We’ve rounded up some of our best tips on how to keep a professional profile even while having fun online, so your career will soar just like your follower count.
Practice good social media hygiene 🧽🧼🧹
Strolling down memory lane 🚶♂️can be a lot of fun on social media. Who doesn’t love cringing at old photos of ourselves from 10 years ago every once in a while? 😬
But as time goes on and we begin to find ourselves in new and different environments, some of the old things we’ve posted and said might take on new meaning in light of different contexts. That hysterical joke you made about a television personality’s hair five years ago might not be so great if you’re working with a boss who wants to form an advertising partnership with that same person.
For this reason, we recommend that you get in the habit of reviewing your older posts/tweets/pinned stories and regularly clean them out. Some choose to get in the habit of wiping anything six months or older, some choose to be more selective. Do what feels right for you.
Now, of course, this is going to take some value judgement 🤔. Sometimes we need to draw a line in the sand and stand up for what we said and believe, but only you can decide what that is. By staying aware of what you’ve put out into the world you lessen the risk of being caught off guard when it comes up again.
Consider having separate private and professional profiles
Studies have shown that employers are more likely to hire someone with a social media presence than without. But mayybeee a potential boss won’t appreciate seeing how much tequila you put in your home-made desperados. (Or maybe they will, we don’t judge.)
To walk that fine line between connecting in the digital age and still being able to work in a professional environment, consider having accounts that are just for you and your friends and then other accounts that are public. A public-facing website and LinkedIn profile are great ways to manage expectations while keeping your Instagram and Twitter private. Or, get really judicious with the private/public settings on your Facebook posts.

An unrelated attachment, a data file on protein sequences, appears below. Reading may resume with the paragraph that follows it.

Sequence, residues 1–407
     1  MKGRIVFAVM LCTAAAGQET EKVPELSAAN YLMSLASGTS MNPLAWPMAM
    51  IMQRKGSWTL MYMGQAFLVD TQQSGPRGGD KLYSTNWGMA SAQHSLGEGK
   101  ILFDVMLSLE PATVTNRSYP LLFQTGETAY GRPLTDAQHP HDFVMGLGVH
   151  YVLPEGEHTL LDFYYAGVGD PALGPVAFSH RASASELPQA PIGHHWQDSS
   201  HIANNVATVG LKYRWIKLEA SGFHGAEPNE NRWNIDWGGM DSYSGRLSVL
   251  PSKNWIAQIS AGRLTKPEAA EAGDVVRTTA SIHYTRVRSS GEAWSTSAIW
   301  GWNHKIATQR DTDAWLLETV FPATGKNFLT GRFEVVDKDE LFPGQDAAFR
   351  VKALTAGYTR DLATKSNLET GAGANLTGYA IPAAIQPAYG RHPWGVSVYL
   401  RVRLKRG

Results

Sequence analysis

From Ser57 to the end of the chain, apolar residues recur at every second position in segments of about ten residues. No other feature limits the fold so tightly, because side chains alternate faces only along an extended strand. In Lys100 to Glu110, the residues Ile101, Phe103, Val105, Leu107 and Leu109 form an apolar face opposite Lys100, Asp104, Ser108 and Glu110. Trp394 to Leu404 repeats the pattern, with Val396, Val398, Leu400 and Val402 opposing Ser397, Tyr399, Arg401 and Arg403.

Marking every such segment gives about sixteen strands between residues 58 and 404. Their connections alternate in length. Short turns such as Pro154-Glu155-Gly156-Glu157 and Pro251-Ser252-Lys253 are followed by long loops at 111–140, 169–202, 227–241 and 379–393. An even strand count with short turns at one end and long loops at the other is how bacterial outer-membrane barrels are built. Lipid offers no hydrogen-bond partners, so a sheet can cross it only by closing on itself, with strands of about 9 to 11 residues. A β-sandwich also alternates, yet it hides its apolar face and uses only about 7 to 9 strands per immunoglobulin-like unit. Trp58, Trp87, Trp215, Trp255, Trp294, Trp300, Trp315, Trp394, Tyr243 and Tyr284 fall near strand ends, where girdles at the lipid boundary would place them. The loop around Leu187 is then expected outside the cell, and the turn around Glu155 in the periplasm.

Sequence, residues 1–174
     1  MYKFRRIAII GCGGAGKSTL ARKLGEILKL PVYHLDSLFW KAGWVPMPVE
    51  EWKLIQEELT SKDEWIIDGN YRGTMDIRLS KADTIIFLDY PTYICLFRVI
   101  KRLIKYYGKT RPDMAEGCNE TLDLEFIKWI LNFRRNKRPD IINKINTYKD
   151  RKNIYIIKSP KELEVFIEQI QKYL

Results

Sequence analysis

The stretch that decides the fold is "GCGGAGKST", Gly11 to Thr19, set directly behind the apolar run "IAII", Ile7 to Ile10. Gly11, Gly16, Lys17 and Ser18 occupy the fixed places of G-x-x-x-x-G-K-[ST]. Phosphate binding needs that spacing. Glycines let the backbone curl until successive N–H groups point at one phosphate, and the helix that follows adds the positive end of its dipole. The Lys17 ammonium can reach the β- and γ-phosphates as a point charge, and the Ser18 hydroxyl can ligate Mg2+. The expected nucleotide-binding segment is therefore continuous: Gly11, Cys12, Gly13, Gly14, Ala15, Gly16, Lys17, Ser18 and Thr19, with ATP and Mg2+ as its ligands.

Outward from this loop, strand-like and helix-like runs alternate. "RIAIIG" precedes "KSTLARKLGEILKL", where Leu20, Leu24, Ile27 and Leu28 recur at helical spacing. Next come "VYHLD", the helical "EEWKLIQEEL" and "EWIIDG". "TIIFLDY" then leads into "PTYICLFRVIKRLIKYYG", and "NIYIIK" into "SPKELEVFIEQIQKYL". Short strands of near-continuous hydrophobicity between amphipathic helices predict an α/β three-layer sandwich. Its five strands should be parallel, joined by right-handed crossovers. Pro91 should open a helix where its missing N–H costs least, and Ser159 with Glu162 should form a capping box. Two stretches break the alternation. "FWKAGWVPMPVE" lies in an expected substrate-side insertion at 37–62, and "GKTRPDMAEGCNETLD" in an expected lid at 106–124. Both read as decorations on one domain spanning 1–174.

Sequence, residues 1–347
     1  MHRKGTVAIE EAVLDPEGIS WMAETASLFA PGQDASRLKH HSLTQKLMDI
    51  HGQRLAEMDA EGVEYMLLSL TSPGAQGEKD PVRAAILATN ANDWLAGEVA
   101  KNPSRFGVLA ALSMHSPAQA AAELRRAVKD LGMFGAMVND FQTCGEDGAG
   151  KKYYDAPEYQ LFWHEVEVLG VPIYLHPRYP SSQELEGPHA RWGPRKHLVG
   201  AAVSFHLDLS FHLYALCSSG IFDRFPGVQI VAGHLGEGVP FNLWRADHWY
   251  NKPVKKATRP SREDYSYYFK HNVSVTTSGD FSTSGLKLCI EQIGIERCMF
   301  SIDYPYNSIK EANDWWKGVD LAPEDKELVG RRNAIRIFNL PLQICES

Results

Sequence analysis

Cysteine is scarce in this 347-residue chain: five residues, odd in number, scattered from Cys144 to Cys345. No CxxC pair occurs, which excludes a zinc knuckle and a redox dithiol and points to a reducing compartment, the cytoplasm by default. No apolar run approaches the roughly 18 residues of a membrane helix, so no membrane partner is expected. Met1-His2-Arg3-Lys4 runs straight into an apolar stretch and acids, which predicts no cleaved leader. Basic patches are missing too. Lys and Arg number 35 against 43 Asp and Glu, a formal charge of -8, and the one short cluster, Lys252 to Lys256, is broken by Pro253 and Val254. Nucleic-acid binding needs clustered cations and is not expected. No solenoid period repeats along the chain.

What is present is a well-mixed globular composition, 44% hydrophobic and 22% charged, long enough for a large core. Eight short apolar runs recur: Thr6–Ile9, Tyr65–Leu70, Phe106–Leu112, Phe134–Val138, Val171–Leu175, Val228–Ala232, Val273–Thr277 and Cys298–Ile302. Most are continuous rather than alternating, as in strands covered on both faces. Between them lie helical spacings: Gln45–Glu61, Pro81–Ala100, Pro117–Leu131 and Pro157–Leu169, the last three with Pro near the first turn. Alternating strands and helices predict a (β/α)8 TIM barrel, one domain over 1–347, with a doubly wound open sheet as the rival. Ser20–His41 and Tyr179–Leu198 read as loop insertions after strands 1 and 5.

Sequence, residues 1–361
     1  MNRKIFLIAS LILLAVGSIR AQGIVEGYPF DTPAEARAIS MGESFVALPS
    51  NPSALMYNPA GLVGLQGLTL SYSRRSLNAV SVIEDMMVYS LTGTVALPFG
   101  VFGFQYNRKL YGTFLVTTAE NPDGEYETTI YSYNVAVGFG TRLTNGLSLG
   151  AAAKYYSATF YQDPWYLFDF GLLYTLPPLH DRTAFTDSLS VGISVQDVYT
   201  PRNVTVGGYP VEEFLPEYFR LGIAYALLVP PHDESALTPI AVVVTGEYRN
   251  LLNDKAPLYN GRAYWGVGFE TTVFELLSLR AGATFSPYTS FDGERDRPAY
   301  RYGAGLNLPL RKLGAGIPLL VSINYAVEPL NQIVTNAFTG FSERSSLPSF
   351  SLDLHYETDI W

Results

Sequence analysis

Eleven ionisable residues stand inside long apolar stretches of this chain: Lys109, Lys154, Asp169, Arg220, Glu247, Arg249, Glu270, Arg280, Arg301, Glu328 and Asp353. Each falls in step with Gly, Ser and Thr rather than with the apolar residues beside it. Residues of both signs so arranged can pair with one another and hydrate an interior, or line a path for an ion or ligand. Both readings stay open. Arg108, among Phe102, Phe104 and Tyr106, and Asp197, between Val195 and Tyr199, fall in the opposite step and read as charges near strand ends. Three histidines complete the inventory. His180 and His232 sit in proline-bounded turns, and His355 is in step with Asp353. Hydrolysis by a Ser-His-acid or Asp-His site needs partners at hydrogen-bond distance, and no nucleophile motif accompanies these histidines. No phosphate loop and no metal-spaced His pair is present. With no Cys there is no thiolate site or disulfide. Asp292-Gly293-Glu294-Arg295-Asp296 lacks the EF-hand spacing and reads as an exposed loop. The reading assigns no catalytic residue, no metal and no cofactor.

Poke around the web to see what the norm is for other people in your chosen industry and use that as a guideline to set your own social media standards.
Practice good account hygiene
We’ve talked about managing your old social media posts, but what about old accounts you made, used for a month, and then moved on. These accounts may still carry personal information, like connections to your Facebook profile, addresses, old conversations, etc. It’s a good idea to try to remember all the different social media sites and go through and delete or disable those accounts that you don’t use anymore.
The last thing anyone needs is a data breach on some now-defunct site with poor security controls wreaking havoc on your life.
Also, when was the last time you fed your Neopet?
Set up a website with your own name as the URL
When you’re looking for a job or launching a career, controlling your online image is an important aspect. Wouldn’t it be great if you could control what the first thing people see about you when they Google your name?
For this reason, we recommend that you set up a website with your name as the URL or, if you’re on a budget, get a free blog (like WordPress or Squareapace) and include your name in the title.
Even if all you do with this website is upload your resume, you’re still taking a step in the right direction to manage your online image.
Search for your name and take control over what other people are posting about you
Depending on your level of online influence, this might be easy or a process that you’ll want to include professional help on.
Do a quick search for your name through the regular platforms – Google, news sites, Twitter, etc. and see what comes up. Your aunt might have posted a photo of you she thought was adorable, but you would rather not be out there. A local small-town news site might have posted a story that got the details wrong – it’s good to be aware of all this.
In North America there are currently no “right to be forgotten” laws, but you do have every right to at least ask that incorrect information about you be corrected or unflattering posts be taken down. Be polite, send them a quick message, and state your case. You’d be surprised at how accommodating people can be.
Cyberbullying and online harassment are never okay. If you have the misfortune of coming across posts about yourself that cross a line, don’t feel like you have to engage or reach out to these people. (DON’T FEED THE TROLLS.) Instead, report the posts and reach out to a friend or family member to get support.